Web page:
Last month, the European Commission released its Data Strategy with the aim to create a single data market, promoting greater data sharing to benefit businesses across all industries and sectors in the European Union. In light of this direction outlined by the European Commission, we take a closer look at the regulations and implications for Big Tech firms and the global data industry.

A framework for an emerging big data industry

This strategic framework looks to align regulations with the needs of an emerging big data industry in the EU. Whether or not these policies will prove successful depends on how organisations take advantage of this digital strategy. The policy plans would change the present legal framework to foster an environment of commercial data collection, sharing and processing. It is clear that the EU is focussing its efforts on creating incentives to encourage and facilitate European data driven businesses and innovators. The aim is to create in-market competition with companies like Amazon and Google, as well as position the EU as a global data player.

Naturally, creating a single European data space with a genuine single market for data, will inevitably result in the exclusion of outside competitors. We would have to see how this develops to truly judge the ramifications both inside and outside the EU. Competition is a positive market force, ​however some of these policies may have notes of anti-competitive data sharing practices, in favour of European companies. As long as major tech firms operating within the EU abide by EU law, they should be able to continue with business as usual. However, this data policy has a public-private aspect, which could result in greater government-to-business data sharing. The beneficiaries of this data sharing and insight would be explicitly EU companies.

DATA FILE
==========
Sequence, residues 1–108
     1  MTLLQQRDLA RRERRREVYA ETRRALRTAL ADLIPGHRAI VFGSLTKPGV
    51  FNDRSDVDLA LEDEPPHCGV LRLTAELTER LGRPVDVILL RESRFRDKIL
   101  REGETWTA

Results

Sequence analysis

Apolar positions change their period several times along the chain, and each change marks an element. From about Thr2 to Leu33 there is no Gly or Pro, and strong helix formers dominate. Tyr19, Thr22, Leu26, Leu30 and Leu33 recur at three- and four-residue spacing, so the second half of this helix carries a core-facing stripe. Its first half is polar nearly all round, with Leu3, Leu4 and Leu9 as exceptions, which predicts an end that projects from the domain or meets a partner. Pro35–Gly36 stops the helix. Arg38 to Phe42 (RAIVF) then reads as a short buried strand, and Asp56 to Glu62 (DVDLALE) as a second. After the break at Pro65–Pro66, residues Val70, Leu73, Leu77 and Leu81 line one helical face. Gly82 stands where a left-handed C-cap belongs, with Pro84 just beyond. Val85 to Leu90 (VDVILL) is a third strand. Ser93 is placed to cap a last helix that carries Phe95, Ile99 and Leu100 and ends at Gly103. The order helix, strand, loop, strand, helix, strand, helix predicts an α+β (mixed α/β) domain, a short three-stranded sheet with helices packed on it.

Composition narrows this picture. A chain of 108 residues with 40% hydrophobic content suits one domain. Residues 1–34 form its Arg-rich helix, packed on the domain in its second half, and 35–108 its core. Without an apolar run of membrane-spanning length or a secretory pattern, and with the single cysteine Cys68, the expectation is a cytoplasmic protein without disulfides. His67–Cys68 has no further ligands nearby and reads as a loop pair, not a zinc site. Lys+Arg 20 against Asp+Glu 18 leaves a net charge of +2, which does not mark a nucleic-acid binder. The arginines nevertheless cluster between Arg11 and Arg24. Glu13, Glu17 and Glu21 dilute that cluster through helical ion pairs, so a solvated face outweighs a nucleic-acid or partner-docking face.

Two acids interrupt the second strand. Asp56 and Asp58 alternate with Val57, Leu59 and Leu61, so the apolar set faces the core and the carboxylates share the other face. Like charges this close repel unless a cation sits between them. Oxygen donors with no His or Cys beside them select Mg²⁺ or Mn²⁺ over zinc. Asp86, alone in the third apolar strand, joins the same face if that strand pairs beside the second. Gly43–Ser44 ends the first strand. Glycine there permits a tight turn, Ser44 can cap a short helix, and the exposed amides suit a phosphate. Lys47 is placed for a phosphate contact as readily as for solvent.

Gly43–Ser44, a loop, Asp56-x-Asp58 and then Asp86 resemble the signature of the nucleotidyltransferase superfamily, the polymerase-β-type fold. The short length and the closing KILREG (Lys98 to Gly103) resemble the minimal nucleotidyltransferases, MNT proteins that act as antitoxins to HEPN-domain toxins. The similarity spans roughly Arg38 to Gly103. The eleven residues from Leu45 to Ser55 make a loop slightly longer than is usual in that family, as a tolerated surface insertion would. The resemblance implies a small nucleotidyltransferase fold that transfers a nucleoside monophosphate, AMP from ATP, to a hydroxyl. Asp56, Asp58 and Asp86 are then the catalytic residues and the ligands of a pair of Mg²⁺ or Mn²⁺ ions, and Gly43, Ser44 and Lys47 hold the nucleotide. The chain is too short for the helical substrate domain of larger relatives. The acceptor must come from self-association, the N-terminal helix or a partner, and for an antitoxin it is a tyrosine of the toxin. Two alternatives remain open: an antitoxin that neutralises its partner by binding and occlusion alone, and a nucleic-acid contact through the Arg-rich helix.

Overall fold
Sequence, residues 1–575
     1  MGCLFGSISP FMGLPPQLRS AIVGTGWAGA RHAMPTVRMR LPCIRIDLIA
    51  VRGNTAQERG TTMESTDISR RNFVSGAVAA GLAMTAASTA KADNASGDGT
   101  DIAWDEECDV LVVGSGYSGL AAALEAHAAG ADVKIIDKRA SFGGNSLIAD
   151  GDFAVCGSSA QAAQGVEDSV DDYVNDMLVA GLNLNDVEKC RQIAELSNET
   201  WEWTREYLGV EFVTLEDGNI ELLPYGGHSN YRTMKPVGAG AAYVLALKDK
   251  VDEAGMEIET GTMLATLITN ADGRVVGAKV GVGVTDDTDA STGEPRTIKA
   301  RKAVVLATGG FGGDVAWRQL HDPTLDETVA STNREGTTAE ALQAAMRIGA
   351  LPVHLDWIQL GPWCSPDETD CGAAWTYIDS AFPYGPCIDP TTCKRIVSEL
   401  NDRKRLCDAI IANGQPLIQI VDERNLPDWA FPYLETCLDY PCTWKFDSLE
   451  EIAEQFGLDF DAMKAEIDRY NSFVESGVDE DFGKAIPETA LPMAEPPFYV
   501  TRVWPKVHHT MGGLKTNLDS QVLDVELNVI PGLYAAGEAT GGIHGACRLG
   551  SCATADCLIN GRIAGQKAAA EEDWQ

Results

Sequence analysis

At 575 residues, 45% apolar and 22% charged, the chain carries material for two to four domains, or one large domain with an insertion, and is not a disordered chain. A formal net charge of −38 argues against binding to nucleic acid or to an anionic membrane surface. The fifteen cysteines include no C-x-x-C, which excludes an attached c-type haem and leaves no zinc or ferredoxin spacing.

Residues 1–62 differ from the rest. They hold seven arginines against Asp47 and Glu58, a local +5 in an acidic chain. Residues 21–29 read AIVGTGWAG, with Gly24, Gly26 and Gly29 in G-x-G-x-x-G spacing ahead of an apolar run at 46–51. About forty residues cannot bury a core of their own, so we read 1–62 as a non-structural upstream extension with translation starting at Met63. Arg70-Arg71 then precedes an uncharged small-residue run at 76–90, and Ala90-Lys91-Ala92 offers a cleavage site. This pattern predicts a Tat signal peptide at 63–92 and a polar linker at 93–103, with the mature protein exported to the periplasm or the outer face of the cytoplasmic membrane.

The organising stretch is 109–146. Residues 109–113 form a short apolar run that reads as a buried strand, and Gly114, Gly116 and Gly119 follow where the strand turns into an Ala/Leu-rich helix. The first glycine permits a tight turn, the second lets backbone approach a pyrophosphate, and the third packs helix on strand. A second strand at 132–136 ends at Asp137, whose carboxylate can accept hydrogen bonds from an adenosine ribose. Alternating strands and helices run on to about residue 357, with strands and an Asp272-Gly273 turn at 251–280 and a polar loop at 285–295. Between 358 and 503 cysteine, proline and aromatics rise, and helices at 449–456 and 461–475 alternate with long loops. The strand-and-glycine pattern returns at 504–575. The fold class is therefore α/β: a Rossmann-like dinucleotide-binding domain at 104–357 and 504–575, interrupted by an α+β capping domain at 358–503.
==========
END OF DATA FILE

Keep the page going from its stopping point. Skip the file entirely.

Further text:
Helping EU companies grow by extending preferential status with data sharing should foster competition among existing big tech firms and encourage innovation across the board.

Global implications in UK and US markets

It is difficult to predict what the UK will do in response to this policy, especially with the legal challenges involved in leaving the EU. There is an argument that big data can only flourish when there is a large market to gather data from. The US and UK markets are very different, both in size and where the big data industry is at the moment, the US already has a well-established big data industry but is lagging behind Europe with data regulation. It will be interesting to see how data industries develop with light-touch regulation and huge markets in the US compared to potentially more hands-on regulation in the UK using a much smaller dataset.

Jurisdictional fragmentations and compliance questions

Whether Big Tech firms are able to actually follow the rules and comply with them without making changes to the way they operate across jurisdictions will depend on how the legal framework is applied in practice. For multinational companies, a cohesive corporate strategy is difficult to comply with if there are too many jurisdictional fragmentations in place. It is the duty of the legislators to help businesses by instating agreements with third countries, facilitating industry compliance with multiple jurisdictions. The biggest debate around compliance with the EU data strategy involves the use of AI and holding technology companies accountable in a world where algorithms influence decisions.

For example, by placing the responsibility of speech regulation on social media platforms, there is a risk of creating a digital environment where platform providers are also the judiciary actors that decide what is and what is not hate speech. It is important that legislators give clear guidelines on such fundamental issues to avoid limitations of free speech and prevent businesses from becoming intrinsic regulators of fundamental freedoms and rights.

Paving a way for cohesive data innovations

The European Commission is taking a brave step with this data strategy and it will be interesting to see how it unfolds in an industry that is developing faster than the pace of regulation. One thing we can be certain of is, data privacy and security will only rise higher on the corporate and legal agendas.